Monday, April 13, 2009

Pity is a Sign of Contempt

"The desire of power in excess caused the angels to fall; the desire of knowledge in excess caused man to fall; but in charity there is no excess, neither can angel or man come in danger by it." - Francis Bacon
Really? Is that so? Huh.

Obviously, Bacon had no access to television shows like Extreme Makeover: Home Edition.

For those unfamiliar, Extreme Makeover: Home Edition is ABC's Charity Porn which airs Sunday nights. Featuring the adrenalized Ty Pennington and his team of designers, the program chronicles their efforts to change the lives of destitute and deserving families across the country. This is how it works:

While tooling around the countryside in their souped up Ratt-Tour-bus-cum-RV, Ty and his team of designers and architects watch a submission video from a worthy family. Told in the heart-breaking detail that only a VHS camcorder can define, the family sends its pleas to the producers of ABC: Their home is in a shambles, with asbestos spewing from the vents, rusty nails cover every corner and swarms of bugs or raccoons creep in through holes in the roof. One or more family members is blind or deaf or riddled with disease or some combination of the three. Often the family is a contributing member of a community or a volunteer at a church or a temp- erm, well, church.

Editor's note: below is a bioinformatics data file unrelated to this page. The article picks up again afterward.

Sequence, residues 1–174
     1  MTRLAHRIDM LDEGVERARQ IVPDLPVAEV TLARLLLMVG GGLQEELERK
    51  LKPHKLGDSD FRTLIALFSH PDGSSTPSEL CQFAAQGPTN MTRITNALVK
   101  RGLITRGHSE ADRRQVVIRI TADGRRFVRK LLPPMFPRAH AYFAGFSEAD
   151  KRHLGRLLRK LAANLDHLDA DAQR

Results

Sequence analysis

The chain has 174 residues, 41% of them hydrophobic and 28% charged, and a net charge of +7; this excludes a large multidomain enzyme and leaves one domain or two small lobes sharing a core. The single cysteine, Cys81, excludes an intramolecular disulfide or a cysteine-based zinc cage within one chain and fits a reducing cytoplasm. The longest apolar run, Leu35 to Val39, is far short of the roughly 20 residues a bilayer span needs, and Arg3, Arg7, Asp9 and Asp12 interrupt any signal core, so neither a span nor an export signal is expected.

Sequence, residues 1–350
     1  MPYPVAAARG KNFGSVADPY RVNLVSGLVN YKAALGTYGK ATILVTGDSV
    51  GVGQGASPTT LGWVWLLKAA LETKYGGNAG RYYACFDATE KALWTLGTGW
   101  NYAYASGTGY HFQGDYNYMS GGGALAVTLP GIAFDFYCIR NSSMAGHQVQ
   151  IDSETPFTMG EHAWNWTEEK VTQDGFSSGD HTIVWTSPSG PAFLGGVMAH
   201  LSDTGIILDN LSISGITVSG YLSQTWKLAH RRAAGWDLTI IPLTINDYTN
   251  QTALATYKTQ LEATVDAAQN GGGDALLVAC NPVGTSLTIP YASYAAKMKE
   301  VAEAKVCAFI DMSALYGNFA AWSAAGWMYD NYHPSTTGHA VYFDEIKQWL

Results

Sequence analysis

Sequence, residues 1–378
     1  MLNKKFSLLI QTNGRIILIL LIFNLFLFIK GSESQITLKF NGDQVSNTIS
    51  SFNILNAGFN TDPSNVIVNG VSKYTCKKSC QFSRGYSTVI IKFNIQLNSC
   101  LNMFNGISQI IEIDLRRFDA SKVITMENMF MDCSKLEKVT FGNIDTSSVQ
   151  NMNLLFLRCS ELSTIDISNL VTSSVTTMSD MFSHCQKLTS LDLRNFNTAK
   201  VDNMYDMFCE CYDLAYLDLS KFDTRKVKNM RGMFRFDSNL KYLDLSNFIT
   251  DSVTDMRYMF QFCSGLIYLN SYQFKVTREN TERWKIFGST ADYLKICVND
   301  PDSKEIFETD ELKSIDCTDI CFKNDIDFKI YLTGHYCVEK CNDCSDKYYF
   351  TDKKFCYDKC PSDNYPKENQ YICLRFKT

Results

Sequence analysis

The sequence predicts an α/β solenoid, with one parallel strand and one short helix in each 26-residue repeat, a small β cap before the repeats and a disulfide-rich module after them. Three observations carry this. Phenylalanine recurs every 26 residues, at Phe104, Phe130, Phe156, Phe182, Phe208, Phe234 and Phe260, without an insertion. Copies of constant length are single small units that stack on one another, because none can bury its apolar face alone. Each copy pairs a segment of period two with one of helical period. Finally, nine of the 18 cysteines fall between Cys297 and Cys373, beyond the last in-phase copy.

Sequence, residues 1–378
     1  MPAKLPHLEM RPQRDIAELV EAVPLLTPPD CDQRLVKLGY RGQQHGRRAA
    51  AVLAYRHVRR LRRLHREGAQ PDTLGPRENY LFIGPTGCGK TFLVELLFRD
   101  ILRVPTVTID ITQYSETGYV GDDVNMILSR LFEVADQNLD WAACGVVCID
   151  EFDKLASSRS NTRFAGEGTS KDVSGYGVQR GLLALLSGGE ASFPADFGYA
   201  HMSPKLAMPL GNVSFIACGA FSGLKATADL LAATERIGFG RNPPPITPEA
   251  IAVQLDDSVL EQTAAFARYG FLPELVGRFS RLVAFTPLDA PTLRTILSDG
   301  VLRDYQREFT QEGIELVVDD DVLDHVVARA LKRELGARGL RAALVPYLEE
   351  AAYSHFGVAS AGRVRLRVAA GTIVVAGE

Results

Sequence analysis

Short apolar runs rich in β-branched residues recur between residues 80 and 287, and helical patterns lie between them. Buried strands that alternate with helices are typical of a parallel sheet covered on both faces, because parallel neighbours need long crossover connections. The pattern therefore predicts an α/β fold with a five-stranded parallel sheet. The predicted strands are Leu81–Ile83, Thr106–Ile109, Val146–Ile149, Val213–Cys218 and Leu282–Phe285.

A series of quick cuts sends us back and forth between the family's plight and the emotional out pourings of Ty and his Friends. They Must help this family. They MUST. They NEED you, TY, you and your empty blue eyes. Without you, they will spiral further, deeper into destitution and despair.

The Extreme Makeover Bus arrives at the Family's doorstep and, after a whirlwind of insane slobbery screaming (after which the children most certainly barf like shaken puppies), ABC sends them away on a dream vacation so that the crew can demolish the house and build it anew, thereby leaving an even playing field from which the Family can discover a new era of prosperity.